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Country: United States
City: Worthington, Minn.
Issues of this title available in Elephind: 1
Items (articles and/or pages) from this title available in Elephind: 4
Earliest Date: 8 November 1894
Latest Date: 8 November 1894
In 1872 the Worthington Western Advance began weekly publication in Nobles County along Minnesota's southwest border. The newspaper was distributed by Miller, Humiston & Company, organizer of the National Colony, and was the first publication to be released from the settlement. Promotion of the colony had its place within the Advance; however, the newspaper strived to be a true representative of the local community progressive in politics, Protestant, and centered on agriculture. Weekly items included local, state, and political news; farm and household items; and articles on early struggles with grasshopper plagues and harsh winters. With a four-page, seven-column format, the Western Advance continued to increase circulation and changed its name to the Worthington Advance in 1874. It became the official paper of Nobles County and the village of Worthington in 1888.
During the era of the Homestead Act, a group of Ohio businessmen acquired an expanse of land along the Sioux City and St. Paul Railroad in southwestern Minnesota to begin a new settlement they named the National Colony. Professor Ransom F. Humiston and A. P. Miller, both original organizers of the Colony Company, welcomed their first settlers to the town of Worthington in 1872 and also began the publication of the colonyâ€™s first newspaper. The Western Advance began as a "true and unflinching representative of the peoples' interest," promoting the Colony's values of temperance, education, and growth of the settlement. The September 26, 1874 issue printed a letter questioning the company's choice of a southwestern Minnesota site, giving the editors an opportunity to fill two columns detailing the area's favorable climate, resources, manufacturing industry, and proximity to markets. Unfortunately, grasshopper plagues threatened Minnesota's farmers in the 1870s and news about them dominated the newspaper in the early years, delaying an expansion to eight columns and prompting the office to "take almost anythingâ€¦except grasshoppers" for payment of subscriptions. As the grasshoppers began to disappear permanently in 1876, a full-fledged rivalry began between the Worthington Advance and the newly established Worthington Journal, fueled by accusations of political maneuvering by a "ring" of local politicians and prominent citizens. When the Journal went out of business in February of 1882, the Advance recalled the Journal's life as "conceived in Ringism, born in a blaze of Rowdyism and nurtured in Spite and Fraud."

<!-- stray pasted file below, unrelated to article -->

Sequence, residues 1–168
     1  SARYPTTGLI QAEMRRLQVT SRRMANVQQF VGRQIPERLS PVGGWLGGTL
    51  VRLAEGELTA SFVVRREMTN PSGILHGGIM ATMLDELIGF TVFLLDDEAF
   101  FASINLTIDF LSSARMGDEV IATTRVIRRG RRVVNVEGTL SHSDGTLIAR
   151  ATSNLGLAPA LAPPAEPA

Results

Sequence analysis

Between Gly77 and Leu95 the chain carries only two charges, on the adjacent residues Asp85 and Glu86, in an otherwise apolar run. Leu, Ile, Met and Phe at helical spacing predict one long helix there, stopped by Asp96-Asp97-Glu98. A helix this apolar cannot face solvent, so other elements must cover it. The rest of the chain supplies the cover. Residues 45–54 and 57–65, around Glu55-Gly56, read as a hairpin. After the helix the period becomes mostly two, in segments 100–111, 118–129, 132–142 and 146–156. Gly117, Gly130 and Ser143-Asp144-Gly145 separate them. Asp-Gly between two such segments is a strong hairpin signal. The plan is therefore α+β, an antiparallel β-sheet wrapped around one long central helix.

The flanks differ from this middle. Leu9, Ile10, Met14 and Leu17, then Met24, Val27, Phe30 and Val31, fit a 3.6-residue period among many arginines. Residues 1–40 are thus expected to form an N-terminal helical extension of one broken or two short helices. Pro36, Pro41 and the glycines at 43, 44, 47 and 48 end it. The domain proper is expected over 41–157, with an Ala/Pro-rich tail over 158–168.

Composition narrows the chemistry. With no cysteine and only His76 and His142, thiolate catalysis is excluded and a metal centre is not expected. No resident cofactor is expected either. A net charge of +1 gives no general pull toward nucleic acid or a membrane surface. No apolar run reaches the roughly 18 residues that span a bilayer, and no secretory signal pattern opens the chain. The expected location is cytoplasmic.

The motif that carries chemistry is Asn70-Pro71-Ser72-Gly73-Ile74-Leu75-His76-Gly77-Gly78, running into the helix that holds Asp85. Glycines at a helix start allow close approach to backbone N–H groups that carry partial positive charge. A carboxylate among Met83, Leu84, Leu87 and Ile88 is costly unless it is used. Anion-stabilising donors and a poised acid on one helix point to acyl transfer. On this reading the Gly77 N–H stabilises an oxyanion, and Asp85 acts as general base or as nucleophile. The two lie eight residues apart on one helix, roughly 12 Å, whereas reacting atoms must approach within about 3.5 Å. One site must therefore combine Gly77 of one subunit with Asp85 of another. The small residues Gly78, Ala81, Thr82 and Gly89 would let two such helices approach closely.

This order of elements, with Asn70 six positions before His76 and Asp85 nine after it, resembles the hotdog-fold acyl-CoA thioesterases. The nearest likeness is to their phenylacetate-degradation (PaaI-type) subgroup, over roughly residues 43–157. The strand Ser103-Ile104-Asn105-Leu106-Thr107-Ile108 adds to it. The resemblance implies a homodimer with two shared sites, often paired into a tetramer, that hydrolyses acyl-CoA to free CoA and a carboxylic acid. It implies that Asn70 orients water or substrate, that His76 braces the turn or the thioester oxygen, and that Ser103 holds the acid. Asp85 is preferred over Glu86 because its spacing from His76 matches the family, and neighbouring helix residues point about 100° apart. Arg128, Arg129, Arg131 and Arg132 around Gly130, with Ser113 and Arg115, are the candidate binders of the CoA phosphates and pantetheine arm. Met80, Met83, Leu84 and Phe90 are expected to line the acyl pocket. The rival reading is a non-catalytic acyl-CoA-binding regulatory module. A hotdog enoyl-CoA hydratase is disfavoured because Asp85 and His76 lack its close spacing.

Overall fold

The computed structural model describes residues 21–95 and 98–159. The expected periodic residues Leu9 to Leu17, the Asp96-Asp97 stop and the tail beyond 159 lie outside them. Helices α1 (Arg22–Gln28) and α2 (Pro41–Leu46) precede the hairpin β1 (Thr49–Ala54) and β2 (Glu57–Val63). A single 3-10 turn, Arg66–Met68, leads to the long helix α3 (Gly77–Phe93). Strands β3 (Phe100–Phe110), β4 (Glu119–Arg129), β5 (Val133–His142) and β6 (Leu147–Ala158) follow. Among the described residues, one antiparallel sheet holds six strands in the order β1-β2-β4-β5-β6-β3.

Miller retained ownership of the Worthington Advance until November of 1888, when he sold the newspaper to journalist, Republican speaker, and minister, Robert McCune. Five years later, Carl S. Eastwood, former editor of the Heron Lake News, purchased the Advance and a new press, increasing the newspaper to eight pages and beginning the Worthington Daily Advance. (It appears that only a single issue of the Daily Advance--for November 8, 1894--is extant.) Eastwood then sold his interest in the newspaper to Harvey Hawley of Saint Paul in 1896 after moving to Mankato, Minnesota. Hawley continued publishing the weekly Advance until he was elected to the Nobles County office of Register of Deeds in 1904, putting the newspaper up for sale as promised during his campaign. Thomas Dovery became the last editor of the Worthington Advance, and he sold the newspaper in 1908 to Charles Hamstreet of neighboring Rushmore, Minnesota, who had also recently bought out the Worthington Herald.Hamstreet then consolidated the two Worthington newspapers to begin the Worthington Advance-Herald.
Provided by: Minnesota Historical Society; Saint Paul, MN